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Marty talks to Mixdown magazine Print E-mail
Monday, 01 September 2003
Interview with Marty Willson-Piper by Joe Matera: from September issue of 'Mixdown', a free street press paper with a circulation of 25,000 nationally.

?Song In Space? is the entr?e to the new Church album ?Forget Yourself?, which will be released October 27, 2003. Released in a strictly limited edition, ?Song In Space? conjures up the enormity of a new album that has the band returning to some of it?s rock roots, whilst not leaving behind the eclectic and diverse soundscapes with which they are associated. For the privileged few that have heard ?Forget Yourself?, it has already started a corridor of excitement for one of Australia?s internationally successful bands. Joe Matera recently spoke to Marty Willson-Piper about the new album, gear and Willson-Piper?s 12-string guitar collection.

Joe: The new album ?Forget Yourself? is a return to more of the classic ?Church? early ?90?s guitar based sound. What made you decide to go in that direction?

Marty : I think what happened was after the last record that we made, ?After Everything Now This?, it ended up for some reason being a very smooth and sophisticated record. But I think what you have to understand about the Church is everything that we do is very uncontrived and the reason the band is still together after so long is because there still seems to be a lot of chemistry in our creative process. Like we kind of tend to get into the studio and somebody plays a chord then somebody else plays another one and suddenly we?re writing songs. So ?After Everything Now This? I think we decided on this record to try and make a rawer one. Although having said that, it only turned out like it in the end, we didn?t just go in there thinking that. We have this unconscious thing happening where we start trying not to do what we did last time. That?s why the Church has always been an interesting band I think. We always, as soon as we hear the formula, try and move away from it.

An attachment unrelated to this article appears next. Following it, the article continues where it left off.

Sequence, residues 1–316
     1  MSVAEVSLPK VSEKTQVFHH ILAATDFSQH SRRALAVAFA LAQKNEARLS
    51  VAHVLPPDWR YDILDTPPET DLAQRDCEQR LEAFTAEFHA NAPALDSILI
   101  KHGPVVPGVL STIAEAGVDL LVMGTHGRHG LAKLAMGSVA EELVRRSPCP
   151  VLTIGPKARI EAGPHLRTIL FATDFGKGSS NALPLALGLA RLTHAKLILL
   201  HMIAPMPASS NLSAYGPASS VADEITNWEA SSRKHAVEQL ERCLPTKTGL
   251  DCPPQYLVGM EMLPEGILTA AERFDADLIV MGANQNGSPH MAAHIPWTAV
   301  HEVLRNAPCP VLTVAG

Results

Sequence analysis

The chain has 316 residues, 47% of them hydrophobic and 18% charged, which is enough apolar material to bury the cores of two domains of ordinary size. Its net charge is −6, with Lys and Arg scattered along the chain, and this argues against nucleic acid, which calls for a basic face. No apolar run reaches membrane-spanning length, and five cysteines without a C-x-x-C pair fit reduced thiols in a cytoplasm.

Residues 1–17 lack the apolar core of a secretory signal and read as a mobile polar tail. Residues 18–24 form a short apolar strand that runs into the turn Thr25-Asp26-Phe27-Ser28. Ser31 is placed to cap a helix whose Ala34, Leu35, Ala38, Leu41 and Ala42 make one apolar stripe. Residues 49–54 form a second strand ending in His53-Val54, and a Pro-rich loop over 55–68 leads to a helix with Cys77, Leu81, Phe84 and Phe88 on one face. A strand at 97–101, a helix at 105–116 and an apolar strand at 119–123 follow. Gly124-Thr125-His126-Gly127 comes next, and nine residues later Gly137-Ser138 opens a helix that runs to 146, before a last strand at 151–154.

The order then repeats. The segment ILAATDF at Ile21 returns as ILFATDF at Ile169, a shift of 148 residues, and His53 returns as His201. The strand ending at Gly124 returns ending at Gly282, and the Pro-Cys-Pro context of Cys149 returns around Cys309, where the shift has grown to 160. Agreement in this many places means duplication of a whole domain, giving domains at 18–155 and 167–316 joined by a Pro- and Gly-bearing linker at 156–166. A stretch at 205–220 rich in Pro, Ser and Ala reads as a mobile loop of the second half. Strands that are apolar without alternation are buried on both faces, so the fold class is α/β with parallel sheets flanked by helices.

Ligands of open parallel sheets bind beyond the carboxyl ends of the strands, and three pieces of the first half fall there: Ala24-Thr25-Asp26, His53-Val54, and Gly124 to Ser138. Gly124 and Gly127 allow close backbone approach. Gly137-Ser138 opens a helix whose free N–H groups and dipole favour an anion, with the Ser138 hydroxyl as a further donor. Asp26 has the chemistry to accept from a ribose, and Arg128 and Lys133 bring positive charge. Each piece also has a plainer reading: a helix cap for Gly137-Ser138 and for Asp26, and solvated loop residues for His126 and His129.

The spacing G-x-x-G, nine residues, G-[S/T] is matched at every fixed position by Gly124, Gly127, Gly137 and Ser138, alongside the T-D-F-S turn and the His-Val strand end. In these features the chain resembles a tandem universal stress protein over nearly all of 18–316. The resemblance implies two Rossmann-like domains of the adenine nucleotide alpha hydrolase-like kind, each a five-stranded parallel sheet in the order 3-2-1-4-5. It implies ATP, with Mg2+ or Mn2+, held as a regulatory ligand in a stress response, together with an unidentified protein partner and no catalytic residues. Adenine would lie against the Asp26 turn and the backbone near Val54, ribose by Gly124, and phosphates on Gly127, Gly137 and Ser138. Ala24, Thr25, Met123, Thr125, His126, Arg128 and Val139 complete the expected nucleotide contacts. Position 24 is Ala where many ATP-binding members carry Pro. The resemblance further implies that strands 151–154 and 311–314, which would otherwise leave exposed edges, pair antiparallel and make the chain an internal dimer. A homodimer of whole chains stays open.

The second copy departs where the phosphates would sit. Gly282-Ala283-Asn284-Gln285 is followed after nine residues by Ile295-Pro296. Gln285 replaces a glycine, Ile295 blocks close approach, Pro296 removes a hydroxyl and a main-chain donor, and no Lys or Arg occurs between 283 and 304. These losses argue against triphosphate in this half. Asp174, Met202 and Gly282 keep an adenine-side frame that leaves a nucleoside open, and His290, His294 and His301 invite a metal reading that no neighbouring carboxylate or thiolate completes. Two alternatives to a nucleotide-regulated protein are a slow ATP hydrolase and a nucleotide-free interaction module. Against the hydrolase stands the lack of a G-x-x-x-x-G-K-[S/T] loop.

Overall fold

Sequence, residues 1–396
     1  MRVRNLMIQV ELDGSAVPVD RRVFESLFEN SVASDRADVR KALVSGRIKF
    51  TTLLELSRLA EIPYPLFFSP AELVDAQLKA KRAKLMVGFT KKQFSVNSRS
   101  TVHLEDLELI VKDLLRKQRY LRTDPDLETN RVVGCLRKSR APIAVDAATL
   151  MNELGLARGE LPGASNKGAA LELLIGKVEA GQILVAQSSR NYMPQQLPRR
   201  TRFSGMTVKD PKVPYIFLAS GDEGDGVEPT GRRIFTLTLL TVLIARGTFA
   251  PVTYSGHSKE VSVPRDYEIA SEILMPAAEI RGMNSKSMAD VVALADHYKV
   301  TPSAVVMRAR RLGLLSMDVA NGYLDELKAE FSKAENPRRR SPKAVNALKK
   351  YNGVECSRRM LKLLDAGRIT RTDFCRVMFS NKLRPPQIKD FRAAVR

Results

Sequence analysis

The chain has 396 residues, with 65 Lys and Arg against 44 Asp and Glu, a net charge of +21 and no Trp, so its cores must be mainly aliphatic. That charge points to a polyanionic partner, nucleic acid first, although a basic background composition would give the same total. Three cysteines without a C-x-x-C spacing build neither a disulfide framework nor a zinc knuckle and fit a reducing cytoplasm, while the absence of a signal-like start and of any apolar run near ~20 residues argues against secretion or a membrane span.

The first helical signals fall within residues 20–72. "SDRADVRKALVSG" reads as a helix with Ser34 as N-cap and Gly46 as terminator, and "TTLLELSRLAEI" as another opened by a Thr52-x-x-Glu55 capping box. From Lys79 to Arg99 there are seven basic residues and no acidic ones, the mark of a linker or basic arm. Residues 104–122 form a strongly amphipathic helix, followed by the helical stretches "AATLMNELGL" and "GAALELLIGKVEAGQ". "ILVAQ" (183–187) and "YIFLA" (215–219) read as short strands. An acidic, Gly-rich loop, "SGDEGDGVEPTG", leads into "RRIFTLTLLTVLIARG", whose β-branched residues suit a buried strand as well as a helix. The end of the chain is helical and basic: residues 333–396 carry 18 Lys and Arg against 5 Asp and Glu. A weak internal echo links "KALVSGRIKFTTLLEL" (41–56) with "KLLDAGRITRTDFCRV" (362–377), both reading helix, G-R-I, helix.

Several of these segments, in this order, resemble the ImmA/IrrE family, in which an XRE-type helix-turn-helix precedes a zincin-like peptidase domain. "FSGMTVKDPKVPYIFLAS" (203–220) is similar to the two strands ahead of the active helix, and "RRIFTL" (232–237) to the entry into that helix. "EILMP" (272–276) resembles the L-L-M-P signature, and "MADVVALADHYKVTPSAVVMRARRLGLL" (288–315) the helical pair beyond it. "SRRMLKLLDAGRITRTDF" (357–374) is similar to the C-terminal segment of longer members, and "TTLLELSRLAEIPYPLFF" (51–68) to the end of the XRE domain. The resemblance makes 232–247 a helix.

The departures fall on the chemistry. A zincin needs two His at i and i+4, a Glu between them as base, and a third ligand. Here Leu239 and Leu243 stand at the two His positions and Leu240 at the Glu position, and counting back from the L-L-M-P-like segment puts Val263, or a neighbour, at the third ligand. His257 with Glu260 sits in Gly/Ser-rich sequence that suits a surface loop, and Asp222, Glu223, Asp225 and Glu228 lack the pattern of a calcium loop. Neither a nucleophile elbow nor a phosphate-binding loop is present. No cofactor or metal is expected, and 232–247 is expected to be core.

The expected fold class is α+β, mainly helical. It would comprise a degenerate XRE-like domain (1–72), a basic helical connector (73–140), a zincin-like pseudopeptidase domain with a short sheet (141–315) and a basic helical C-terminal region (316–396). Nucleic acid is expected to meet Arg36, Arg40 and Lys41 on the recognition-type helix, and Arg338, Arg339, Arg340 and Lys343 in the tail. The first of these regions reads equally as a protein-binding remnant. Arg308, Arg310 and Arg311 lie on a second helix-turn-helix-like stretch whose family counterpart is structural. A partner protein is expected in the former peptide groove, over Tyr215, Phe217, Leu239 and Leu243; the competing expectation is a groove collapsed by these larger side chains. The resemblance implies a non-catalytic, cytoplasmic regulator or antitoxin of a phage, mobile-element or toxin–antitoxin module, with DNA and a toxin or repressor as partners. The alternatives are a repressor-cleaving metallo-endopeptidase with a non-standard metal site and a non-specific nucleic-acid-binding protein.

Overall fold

How did you go about approaching your guitar parts during the recording process?

I think the idea was if I thought of a guitar part I?d done before, then I wouldn?t go there. There are some very interesting guitar parts on this record like for example on ?Nothing Seeker? as well as ?The Theatre and it?s Double? which has some spanish-y guitar. Like the songs have odd rhythms and everybody in the band is doing something different and it?s like a jigsaw puzzle really. Somebody starts doing something then the other person starts to do a counter rhythm, then somebody else starts playing an off beat, then somebody starts playing a little solo and so everybody is trying to slot into this piece of complicated machinery.

Was there a lot of experimenting with mic placement in the studio?

The mic-ing techniques in the studio are pretty much a matter of?you know there?s a certain way of doing things where we start there and maybe experiment on. On this record Tim Powles our drummer who produced this record tended to be very interested in the ambient room sound of the drums which actually changed the ambience of the guitars too when we set them against the backdrop of a room mic-ed kit. Everything kind of changed just there. The fundamentals and basis of the whole sound is not sort of hi-fi, it?s more room ambience.